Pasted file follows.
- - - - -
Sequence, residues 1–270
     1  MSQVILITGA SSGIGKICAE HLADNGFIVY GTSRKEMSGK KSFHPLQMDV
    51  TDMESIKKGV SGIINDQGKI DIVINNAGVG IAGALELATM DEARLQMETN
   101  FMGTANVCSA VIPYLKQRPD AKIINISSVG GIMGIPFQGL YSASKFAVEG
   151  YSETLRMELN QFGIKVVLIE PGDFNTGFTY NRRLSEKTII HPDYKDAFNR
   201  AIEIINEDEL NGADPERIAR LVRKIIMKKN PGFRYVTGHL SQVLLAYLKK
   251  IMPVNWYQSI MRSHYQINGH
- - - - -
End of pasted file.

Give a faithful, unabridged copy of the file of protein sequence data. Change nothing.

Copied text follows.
Sequence, residues 1–270
     1  MSQVILITGA SSGIGKICAE HLADNGFIVY GTSRKEMSGK KSFHPLQMDV
    51  TDMESIKKGV SGIINDQGKI DIVINNAGVG IAGALELATM DEARLQMETN
   101  FMGTANVCSA VIPYLKQRPD AKIINISSVG GIMGIPFQGL YSASKFAVEG
   151  YSETLRMELN QFGIKVVLIE PGDFNTGFTY NRRLSEKTII HPDYKDAFNR
   201  AIEIINEDEL NGADPERIAR LVRKIIMKKN PGFRYVTGHL SQVLLAYLKK
   251  IMPVNWYQSI MRSHYQINGH